Nutrition Facts during Pregnancy

Nutrition Facts during Pregnancy

Pregnant women in India often ‘eat for two’ – this is mistakenly interpreted as consuming the diet of two people.

The nutrition a mother provides to her unborn child, helps the foetus grow healthily in the womb. The right balance of nutrition and moderate exercise can help the baby develop a healthy weight with less risk of disease.

But in India, pregnant mothers are advised to eat more while they are expecting, since they are ‘eating for two people’. While it is true that a pregnant woman needs nutrition for two – herself and her unborn child – it does not mean that she must consume the diet of two people. Overeating, indeed, may have serious repercussions on the health of the baby, and the mother.

On the occasion of National Nutrition Week, we examine three reasons why expectant mothers must watch their calorie intake and portion sizes:

Weight gain: Eating more than normal meal sizes can cause her weight to rise. Doctors normally advise pregnancy-related weight gain only for thin women with a low BMI (20 or lower)[1]. If the woman has a BMI of 40 or more at the start of the pregnancy, there is no further need to gain weight. Gaining weight at this juncture can cause back and knee pain, varicose veins and heart disease.

Overeating linked to child’s future obesity: Research conducted in the US in 2013 shows that the higher the mother’s weight gain during pregnancy, the higher the chances that the child will be overweight at age 12[2]. This also means that overeating or consuming large portions for every meal has a direct bearing on the weight of the foetus. “A growing baby needs the right amount of nutrients so that it may grow into a healthy infant,” says Dr Manjusha Birje, paediatrician. “The mother should exercise portion control and stay away from fattening food. Giving in to a craving is fine occasionally, but it should not become a habit.”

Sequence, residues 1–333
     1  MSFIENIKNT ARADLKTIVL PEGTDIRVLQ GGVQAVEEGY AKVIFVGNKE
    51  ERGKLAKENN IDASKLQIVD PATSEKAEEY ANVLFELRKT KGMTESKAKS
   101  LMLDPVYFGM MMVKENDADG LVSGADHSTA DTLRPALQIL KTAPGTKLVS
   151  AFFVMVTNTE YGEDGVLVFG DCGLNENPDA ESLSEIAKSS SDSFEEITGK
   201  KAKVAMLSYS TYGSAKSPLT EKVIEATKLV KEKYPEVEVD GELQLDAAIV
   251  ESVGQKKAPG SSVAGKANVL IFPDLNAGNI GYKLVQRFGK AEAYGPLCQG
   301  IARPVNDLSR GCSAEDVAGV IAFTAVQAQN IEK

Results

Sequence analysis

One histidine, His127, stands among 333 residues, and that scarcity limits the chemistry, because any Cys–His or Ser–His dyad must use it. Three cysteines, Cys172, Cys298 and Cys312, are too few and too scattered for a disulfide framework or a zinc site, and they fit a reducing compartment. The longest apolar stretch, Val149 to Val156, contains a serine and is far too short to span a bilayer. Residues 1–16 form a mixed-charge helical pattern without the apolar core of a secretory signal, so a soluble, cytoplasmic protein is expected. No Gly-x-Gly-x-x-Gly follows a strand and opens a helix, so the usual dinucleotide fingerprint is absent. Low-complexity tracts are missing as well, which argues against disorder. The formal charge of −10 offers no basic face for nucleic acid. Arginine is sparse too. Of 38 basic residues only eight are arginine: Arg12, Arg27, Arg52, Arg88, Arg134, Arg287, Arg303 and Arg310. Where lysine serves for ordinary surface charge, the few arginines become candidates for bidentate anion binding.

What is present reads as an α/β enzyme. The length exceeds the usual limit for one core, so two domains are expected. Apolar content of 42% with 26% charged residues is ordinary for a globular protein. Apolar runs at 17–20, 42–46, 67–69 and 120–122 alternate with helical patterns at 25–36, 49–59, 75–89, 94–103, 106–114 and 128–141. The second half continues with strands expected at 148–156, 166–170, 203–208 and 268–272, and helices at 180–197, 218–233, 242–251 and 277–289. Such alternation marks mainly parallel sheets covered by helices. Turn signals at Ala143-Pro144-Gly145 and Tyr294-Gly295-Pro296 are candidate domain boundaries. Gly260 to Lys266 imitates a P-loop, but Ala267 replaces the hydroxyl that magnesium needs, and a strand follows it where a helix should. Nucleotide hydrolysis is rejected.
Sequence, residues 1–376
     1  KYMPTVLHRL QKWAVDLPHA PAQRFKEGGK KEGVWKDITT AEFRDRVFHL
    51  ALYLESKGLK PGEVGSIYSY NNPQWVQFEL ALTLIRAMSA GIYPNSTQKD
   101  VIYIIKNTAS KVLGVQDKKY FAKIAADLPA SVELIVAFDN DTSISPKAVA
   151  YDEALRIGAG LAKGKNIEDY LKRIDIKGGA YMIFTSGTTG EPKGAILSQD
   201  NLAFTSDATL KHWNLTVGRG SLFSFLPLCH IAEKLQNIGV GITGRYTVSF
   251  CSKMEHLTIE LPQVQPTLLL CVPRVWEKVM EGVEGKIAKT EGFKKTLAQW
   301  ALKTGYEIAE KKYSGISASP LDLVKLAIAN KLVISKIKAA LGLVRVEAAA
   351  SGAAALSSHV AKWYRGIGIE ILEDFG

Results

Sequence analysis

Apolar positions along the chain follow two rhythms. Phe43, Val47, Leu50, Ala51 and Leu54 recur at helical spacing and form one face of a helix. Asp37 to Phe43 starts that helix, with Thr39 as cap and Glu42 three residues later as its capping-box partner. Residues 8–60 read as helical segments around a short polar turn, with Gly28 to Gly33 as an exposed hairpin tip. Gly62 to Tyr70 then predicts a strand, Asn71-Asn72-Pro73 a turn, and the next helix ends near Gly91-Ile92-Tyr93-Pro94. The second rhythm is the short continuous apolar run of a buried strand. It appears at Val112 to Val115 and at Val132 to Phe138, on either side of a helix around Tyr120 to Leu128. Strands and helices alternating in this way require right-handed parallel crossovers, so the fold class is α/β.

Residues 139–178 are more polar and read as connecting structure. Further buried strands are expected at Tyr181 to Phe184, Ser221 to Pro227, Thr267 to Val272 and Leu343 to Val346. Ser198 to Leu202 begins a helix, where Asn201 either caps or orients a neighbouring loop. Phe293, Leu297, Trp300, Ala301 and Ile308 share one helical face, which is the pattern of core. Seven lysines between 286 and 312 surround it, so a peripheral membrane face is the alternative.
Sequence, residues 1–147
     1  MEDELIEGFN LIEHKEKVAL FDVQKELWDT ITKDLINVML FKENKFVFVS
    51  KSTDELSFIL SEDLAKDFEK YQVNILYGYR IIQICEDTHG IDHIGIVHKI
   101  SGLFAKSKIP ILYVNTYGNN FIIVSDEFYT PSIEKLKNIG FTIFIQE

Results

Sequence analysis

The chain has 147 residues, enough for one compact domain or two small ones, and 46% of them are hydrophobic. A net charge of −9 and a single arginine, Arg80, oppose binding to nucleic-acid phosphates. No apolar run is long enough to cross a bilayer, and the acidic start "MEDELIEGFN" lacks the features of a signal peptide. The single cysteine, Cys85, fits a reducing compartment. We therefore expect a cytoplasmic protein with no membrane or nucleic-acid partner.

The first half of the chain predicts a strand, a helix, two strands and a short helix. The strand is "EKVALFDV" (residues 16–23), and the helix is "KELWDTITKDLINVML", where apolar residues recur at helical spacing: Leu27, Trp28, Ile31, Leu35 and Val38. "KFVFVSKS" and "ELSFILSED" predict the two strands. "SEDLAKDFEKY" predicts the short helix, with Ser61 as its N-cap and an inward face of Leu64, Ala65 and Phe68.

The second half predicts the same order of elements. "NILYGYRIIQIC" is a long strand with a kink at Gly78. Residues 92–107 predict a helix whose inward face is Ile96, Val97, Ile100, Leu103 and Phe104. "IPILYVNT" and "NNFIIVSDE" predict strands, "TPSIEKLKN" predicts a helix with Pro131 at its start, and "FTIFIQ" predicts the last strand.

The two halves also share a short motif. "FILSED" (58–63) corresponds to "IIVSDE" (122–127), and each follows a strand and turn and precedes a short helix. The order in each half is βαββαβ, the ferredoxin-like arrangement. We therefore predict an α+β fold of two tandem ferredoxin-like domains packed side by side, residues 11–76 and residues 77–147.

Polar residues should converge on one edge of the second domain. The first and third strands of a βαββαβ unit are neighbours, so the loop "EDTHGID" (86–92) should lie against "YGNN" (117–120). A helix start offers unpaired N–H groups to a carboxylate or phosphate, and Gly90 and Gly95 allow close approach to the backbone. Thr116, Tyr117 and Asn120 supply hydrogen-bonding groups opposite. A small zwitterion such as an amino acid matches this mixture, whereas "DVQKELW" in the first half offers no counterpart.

Difficulty giving birth: Dr Biplab Majumdar, a gynaecologist, recalls a patient whose in-laws plied her with a lot of food at every meal. “When I saw her in her second trimester, she had put on a tremendous amount of weight. I inquired about her meals and calculated her estimated calorie intake. Finally, I explained to her that her baby might be larger than normal. This would cause problems during labour, as the baby would expand the birth canal beyond safe limits. In some cases, the baby might be underweight. An overweight mother may develop diabetes and blood pressure, which can further complicate the birth process.”

What should be eaten?

Home cooked meals that include fresh vegetables are recommended. When the mother feels hungry, she may snack on fruit, nuts, or whole wheat crackers with a cup of green tea. The intake of coffee, fizzy drinks and sweetened fruit juices should be avoided. Alcohol, cigarettes and self-medication are a strict ‘no’ during this period. Consulting a nutritionist for a pregnancy diet chart is a prudent move. However, a general diet rule to follow is: less sugar, less salt and less oil. The diet should be balanced with moderate exercise and recommended pre-natal vitamins.

 

[1] Corleone, Jill, ‘The effects of over-eating during pregnancy’, www.livestrong.com, July 1, 2015

[2]Barclay, Rachel, ‘Overeating During Pregnancy Predicts a Lifetime of Obesity for Children, Research Shows’, October 1, 2013.

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